At night, I use peppermint oil and/or Kneipp Arnica & Mountain Pine topically – both provide very minimal and extremely short term relief.

Medical marijuana? I tried edibles and had a very bad bad trip – it’s a thing. I could try smoking it, but why bother if it’s not long lasting?

I’m sharing all of this very personal information because others should know it happens and also because it’s scares the shit out of me every time I think about it – this all started in 2012, in the midst of the opioid epidemic – I could’ve easily become a statistic.

Unfortunately I can’t stand or walk for long periods of time – I take short walks, I sit frequently and I’m in bed a lot. The only ones that know this are my immediate family members – they’ve seen me at my worst, have helped me tremendously and I’m thankful for them.

On this milestone of a day, I am happy to be alive. I just wished I was pain free.

Distractions from pain

What the birds made me discover in 2012 and still today is that when I can focus on something other than my pain, it helps – it doesn’t stop the pain. but it distracts me from focusing on it.

Whether the birds are in my own backyard or in other spots that I can easily see them without standing or walking for long periods, it helps.

Backyard birds

Fortunately I’ve had some amazing birds in my backyard, including the owls and their broods.

2020 brood barred owlets
Two adult barred owls in my backyard
Bald eagle visiting my backyard
Great blue heron visiting my backyard
Leucistic red-tailed hawk visiting my backyard

There’ve been some songbirds that have helped too, including these cardinals.

And while I don’t have to go beyond my yard to find birds, I do.

Enter snowy owls

The snowy owl irruption in the winter of 2013/14 proved to be a great distraction and introduction for me to a magnificent bird.

John James Audubon wrote in 1840, “Scarcely is there a winter which does not bring several of these hardy natives of the north to the Falls of the Ohio at Louisville.”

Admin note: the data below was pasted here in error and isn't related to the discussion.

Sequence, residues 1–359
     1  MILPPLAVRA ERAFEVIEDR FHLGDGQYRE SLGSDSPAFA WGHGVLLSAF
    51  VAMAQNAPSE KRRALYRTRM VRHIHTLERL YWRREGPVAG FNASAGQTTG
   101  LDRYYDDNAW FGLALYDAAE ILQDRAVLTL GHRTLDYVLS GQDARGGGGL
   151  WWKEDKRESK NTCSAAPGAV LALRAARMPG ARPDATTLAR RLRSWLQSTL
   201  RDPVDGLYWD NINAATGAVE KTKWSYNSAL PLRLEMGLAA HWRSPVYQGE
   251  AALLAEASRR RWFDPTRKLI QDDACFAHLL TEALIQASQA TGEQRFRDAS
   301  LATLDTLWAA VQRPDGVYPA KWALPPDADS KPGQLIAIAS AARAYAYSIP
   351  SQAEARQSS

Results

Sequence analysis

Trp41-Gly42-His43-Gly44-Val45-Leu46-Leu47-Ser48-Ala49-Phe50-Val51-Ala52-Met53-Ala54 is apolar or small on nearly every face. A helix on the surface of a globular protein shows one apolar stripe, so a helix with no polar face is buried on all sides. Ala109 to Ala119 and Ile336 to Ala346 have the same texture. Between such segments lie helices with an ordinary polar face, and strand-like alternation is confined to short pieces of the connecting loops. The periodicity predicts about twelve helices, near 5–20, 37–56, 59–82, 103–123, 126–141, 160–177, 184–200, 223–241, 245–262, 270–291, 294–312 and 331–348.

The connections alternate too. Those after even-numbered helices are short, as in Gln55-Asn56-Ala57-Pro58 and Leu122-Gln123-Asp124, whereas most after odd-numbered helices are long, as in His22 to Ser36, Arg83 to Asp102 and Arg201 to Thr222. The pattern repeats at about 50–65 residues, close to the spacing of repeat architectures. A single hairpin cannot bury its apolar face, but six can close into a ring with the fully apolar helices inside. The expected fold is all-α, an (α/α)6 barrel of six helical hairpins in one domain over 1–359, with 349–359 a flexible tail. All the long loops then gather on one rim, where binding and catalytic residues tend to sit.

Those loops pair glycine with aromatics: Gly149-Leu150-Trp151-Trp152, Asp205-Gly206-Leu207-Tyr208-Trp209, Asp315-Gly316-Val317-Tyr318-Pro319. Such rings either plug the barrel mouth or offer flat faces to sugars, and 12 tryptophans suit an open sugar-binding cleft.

While snowy owls had been leaving the Arctic every winter for many years, it seemed people had forgotten, it didn’t happen as often as it once did, not as many snowy owls made the winter trip or at this point, the rise of social media and digital cameras documented it better than ever before. Whatever the case, these snowy owls sightings were big news and the birds were so exciting to see.

December 2013 – Calvert County
December 2013 – Calvert County
Christmas Day 2013 – Sandy Point State Park
January 2014 – Washington, D.C.

l still try to see snowy owls when they visit, but only from a distance and as always, without disturbing the bird.

November 2020 – Kent County, Md.

Eagle nest monitor

I monitored bald eagle nests for the Maryland Bald Eagle Nest Monitoring Program from 2018 to 2021. I stopped due to a conflict of interest with the organization that runs the monitoring program.

Even before I was aware of a program for monitoring eagle nests, I did it for my own enjoyment and I’ll continue to.

Bald eaglets in an Annapolis nest

Prior to the pandemic, students from the Wye River Upper School were able to join me monitoring nests in Centreville.

I was able to introduce some students of Wye River Upper School in Centreville to two bald eagle nests near their school
Wye River Upper School students monitoring a bald eagle nest with me

Journalism work and birds of prey collide

I’ve been fortunate that I’m able to work in a career field I love – journalism. And though I can’t work full time, I can pick and choose the stories I want to cover.

Combine that passion I have for journalism, the passion I have for birds of prey and being in the right place at the right time and that became the recipe for the biggest story of my career.